Of course, that means that if Breakable isn’t a commercial success, there’s no one to blame but me! But honestly, even if it doesn’t sell a ton of copies, I’ll be honest: I feel like I’ve achieved what I always wanted to achieve with this book. And I did it myself. It’s a great feeling. Even knowing the risks, I don’t regret it a bit.

4. What is the most important thing authors should know before deciding to self-publish?

No one is kidding when they say it’s a TON of work. No one. Not kidding. A TON.

Not afraid of hard work?  Me either. But bear with me for one more point:

The author who enters self-publishing because of impatience, or an unwillingness to let others speak into their work is likely to get hurt.

If you decide to do this, make sure you’re making what is it at least an arguably valid business decision. Don’t spend more than you can afford to lose, don’t expect the internet to overload Amazon looking for you just because you’re there, and don’t step forward before you’ve learned how to gird your loins.

When you’re the brain behind (almost) every idea, the hand behind every keystroke, and the inspiration behind the vehicle, inevitably you’re travelling alone. No matter how many people support you, love you, and love your book, in the end, it’s all up to you. That can be a very isolating feeling. And if something fails, it can be foundation-shaking.

I think you have to be a very strong person (or perhaps a stupid one? Ask me in a year) to self-publish. You have to be able to get up when you’ve been knocked down, stand up when someone tells you you’re wrong, and keep going when it feels like every force in nature (or on the internet) is working against you. You have to be happy with your own company. And you have to be willing to fail.

In fact, forget about the rest. If you’re considering self-publishing, don’t do it until you’re absolutely prepared to fall flat on your face. Because honestly? Chances are good… *Gulp*

5. What do you see as the benefits to self-publishing?

Two words:

1.     Control
2.     Speed.

‘Nuff said.

6. Was there a part of your book, maybe a particular scene that was your favorite to write? Why?

Hmmm…yes. The first time Stacy got kissed by Mark. I lived that moment with her. It was awesome. And, forgive me, a little bit hot.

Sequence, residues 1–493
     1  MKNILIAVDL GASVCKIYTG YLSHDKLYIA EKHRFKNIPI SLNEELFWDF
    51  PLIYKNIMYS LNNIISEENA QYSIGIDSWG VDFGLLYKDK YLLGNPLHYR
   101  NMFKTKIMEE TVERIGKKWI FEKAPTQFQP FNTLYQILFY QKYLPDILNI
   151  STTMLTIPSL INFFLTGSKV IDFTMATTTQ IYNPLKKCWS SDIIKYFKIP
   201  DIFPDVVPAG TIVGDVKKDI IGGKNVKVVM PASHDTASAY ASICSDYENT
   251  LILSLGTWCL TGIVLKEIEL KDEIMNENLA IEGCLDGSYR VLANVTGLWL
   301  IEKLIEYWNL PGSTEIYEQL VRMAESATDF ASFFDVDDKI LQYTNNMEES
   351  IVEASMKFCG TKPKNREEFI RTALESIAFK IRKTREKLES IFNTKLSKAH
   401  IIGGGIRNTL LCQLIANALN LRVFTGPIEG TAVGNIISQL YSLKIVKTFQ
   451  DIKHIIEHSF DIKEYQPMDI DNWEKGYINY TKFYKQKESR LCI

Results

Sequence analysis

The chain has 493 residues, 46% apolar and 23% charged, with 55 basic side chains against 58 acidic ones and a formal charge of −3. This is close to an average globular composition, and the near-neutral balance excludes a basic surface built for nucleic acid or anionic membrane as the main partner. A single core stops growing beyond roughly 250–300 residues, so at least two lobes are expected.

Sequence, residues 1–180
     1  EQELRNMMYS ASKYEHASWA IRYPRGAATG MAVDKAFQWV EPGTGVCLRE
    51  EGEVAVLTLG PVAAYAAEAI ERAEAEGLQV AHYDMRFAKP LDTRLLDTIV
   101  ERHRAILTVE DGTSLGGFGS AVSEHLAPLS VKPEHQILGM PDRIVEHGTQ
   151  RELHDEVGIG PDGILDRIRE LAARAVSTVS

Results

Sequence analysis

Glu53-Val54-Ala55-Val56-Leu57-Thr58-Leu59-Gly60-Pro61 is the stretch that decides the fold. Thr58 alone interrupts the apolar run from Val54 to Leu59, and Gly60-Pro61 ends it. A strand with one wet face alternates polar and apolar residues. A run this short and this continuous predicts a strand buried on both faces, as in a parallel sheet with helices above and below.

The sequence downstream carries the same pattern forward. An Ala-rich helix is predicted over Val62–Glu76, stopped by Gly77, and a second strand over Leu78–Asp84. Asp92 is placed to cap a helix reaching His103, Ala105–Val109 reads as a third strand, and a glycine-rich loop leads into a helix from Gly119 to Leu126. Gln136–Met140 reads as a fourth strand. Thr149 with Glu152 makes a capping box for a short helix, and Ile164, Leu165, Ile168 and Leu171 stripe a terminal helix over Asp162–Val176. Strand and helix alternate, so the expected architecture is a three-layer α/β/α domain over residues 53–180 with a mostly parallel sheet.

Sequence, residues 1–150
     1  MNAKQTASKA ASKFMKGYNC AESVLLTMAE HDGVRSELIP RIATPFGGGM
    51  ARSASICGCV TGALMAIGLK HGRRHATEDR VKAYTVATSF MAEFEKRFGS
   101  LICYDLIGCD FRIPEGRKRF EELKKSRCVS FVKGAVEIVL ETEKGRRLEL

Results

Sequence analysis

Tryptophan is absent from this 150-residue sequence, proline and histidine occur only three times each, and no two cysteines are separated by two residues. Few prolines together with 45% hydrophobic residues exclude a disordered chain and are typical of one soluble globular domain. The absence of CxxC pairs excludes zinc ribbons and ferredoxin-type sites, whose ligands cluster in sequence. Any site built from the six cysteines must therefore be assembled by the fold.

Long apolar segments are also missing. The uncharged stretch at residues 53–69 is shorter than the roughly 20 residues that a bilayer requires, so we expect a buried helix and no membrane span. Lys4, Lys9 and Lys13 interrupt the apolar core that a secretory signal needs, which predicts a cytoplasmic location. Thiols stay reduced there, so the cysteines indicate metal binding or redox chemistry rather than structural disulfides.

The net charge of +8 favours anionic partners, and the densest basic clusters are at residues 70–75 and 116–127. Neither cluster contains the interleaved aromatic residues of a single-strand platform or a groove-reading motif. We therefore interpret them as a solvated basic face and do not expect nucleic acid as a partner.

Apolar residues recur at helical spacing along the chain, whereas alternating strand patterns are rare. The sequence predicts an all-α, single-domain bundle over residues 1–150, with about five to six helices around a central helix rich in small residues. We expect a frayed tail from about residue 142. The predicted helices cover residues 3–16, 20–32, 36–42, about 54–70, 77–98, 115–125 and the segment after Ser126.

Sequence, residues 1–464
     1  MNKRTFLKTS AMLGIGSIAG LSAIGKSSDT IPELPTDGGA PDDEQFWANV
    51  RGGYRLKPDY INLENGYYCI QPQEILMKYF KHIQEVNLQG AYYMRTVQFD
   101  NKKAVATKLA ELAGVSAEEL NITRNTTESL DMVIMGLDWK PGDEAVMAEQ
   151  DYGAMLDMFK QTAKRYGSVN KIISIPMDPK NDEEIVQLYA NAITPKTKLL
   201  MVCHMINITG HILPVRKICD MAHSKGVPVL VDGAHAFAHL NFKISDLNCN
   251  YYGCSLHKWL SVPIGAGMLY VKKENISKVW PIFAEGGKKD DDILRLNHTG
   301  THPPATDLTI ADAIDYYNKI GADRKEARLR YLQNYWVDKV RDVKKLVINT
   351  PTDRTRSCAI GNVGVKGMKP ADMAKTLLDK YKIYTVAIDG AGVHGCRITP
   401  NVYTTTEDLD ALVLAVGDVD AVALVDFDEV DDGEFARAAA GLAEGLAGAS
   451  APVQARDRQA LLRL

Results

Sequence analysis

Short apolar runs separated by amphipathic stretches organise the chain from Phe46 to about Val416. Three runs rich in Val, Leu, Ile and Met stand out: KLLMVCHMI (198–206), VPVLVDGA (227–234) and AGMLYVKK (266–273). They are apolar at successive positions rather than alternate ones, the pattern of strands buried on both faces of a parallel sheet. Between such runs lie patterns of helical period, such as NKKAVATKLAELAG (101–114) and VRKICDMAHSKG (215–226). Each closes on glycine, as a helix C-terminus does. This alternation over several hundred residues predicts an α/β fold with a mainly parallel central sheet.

Scenes like that are fun to revise too, but there’s nothing like the first time you inhabit that moment and find the words to describe it. It’s one of the best parts of being a writer.

7. I've read your blog posts about writing. They're great! Could you select a couple of your best tips/tricks of the trade to help aspiring writers?

Thank you! It’s so cool to hear from people who’ve read my blog and found it useful.

Tip #1

You can’t grow as a writer if you won’t let other people in to read your work and criticize it. Yes, it’s hard, but it’s a necessary part of maturing your skill. And there’s a really healthy by-product I hadn’t identified until recently: Having people critique your work and tell you what’s wrong with it prepares you for the process of being reviewed. Because it’s impossible to write the book everyone wants to read. So negative feedback and reviews are inevitable, no matter how your book is published. Learning to deal with that in a healthy way is really helpful when it comes time to facing the masses.

Tip #2

Whether you’re a Planner or a Pantser, I really think understanding and being able to anticipate the key turning points of plot and structure makes you a better writer. I’ve a got a plot development series on my blog [link:] that touches on some of the key elements, but there’s SO MUCH material out there from better, more experienced writers than me. Learn the craft. I can’t stress that strongly enough. Learn from others and see what a difference it makes. (If you’re not sure, start with Dwight V. Swain’s Techniques of the Selling Writer. It’s 40 years old and written differently than we expect these days, but that book is GOLD for the writer who wants to truly understand how fiction works and how to make a story work for you).

8. Lastly, what's up next? Are you working on a sophomore novel?

I’m working on about five! (Nope. Not joking). Because I struggle to know which one should get my full attention, I’m offering readers a chance to win a character named after them. All they have to do is read three brief book descriptions, then tick the box on how much each concept appeals / doesn’t appeal.

I call it my reader survey, and if you’re interested, you can enter here:

Thanks for having me, Beth! Your support is awesome. And this has been a fun interview!

My PhotoAimee L. Salter is a Pacific North-Westerner who spent much of her young (and not-so-young) life in New Zealand. After picking up a Kiwi husband and son, she’s recently returned to Oregon.

She writes novels for teens and the occasional adult who, like herself, are still in touch with their inner-high schooler.

Aimee is the author behind Seeking the Write Life, a popular blog for writers at You can also find her on Twitter ( and Facebook (

Aimee’s debut novel, Breakable, releases November 4th for Kindle, Nook and in paperback. You can add Breakable to your to-read list on Goodreads at